Fairfax County, Virginia, police descended on more than one dozen local businesses in a recent morning drug trafficking sting. Officials believe they scored the county's largest haul of illegal prescription drugs when they raided 13 stores in Alexandria, Springfield and Falls Church.
No arrests were made and no charges were filed. Investigators say that may change depending on the results of police laboratory tests. The store owners could be charged with dispensing without a license for drug sales of counterfeit or smuggled prescriptions.
The police raid was the culmination of an almost year-long investigation into drugs that some customers complained made them ill. The bulk of the drug seizures were allegedly knock-off drugs or birth control pills, painkillers and antibiotics manufactured outside the United States, where fewer quality controls exist. Customers who bought the prescription drugs were predominantly lower-income, Latino patrons.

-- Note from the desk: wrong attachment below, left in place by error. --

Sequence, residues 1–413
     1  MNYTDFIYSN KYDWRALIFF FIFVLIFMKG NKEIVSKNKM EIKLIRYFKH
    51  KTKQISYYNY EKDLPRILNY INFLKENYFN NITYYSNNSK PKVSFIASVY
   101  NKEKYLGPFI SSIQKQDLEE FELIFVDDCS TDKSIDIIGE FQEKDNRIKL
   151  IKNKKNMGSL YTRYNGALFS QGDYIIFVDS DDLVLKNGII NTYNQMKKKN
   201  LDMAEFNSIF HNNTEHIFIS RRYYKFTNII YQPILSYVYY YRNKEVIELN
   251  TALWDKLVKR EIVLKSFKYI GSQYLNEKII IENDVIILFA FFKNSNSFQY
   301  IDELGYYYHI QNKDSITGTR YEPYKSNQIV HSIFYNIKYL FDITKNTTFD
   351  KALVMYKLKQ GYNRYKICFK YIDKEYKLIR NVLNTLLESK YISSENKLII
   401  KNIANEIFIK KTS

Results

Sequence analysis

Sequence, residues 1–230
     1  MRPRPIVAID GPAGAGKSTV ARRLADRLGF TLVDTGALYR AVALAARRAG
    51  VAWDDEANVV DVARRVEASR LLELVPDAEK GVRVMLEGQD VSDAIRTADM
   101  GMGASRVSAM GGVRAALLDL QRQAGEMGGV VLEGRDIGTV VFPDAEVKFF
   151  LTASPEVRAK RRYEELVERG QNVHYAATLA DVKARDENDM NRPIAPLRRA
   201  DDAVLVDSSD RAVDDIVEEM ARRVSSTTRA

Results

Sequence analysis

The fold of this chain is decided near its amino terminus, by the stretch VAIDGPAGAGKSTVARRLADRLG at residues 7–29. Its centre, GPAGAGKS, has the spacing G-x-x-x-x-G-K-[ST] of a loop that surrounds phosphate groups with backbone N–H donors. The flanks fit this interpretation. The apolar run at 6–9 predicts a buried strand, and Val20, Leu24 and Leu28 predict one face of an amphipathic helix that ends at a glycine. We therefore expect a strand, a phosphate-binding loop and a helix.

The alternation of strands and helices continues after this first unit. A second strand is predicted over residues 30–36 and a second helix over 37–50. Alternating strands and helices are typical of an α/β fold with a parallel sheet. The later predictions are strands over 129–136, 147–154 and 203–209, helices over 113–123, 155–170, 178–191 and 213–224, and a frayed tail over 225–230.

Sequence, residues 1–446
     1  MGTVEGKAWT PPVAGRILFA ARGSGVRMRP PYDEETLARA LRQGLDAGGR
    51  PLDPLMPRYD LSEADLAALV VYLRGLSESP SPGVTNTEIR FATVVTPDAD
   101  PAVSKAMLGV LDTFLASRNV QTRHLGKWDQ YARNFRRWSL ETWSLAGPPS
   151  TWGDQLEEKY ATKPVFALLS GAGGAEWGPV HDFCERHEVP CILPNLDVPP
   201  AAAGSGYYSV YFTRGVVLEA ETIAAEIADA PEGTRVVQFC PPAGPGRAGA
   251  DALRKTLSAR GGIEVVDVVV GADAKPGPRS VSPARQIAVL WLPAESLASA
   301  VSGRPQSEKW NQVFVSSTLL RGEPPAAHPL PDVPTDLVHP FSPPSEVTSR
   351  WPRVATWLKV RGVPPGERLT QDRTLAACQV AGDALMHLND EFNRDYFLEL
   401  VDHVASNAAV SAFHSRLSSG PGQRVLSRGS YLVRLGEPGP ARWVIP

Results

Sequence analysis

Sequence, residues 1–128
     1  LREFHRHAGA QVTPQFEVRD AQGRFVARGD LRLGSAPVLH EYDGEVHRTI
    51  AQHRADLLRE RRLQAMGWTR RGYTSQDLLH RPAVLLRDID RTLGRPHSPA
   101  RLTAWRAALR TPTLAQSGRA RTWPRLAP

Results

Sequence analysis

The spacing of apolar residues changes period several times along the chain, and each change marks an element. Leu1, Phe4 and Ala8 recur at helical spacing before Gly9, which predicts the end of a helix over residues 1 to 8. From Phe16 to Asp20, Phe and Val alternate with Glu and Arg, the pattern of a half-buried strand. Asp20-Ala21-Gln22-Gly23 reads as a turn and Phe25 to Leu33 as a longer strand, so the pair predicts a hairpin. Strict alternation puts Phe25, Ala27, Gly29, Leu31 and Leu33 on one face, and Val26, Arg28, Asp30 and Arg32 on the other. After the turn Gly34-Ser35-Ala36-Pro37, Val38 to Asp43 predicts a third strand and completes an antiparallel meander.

Police say the stores openly displayed the drugs. Undercover agents allegedly found that some store employees dispensed medical advice along with the medication.
A group of 75 Fairfax County officers conducted the raid at seven Alexandra businesses, two in Springfield and four shops in Falls Church. Investigators say they believe one supplier is behind the drug merchandise found at a few of the businesses. Four of the 13 businesses raided were shut down for violating building codes. Officials say more of the shops are likely to close as the investigation continues.
Federal officials are also involved. Fairfax police contacted the Secret Service after discovering counterfeit bills among the tens of thousands of dollars seized with the prescription drugs.
With no charges yet filed, it would be a good time for anyone who is being targeted in the investigation to consult with experienced criminal defense attorneys, who can fight to ensure that no legal rights are violated.
Source: McLean Patch, "Fairfax Police Raid 13 Businesses for Prescription Drugs," Will Sommer, Dec. 3, 2011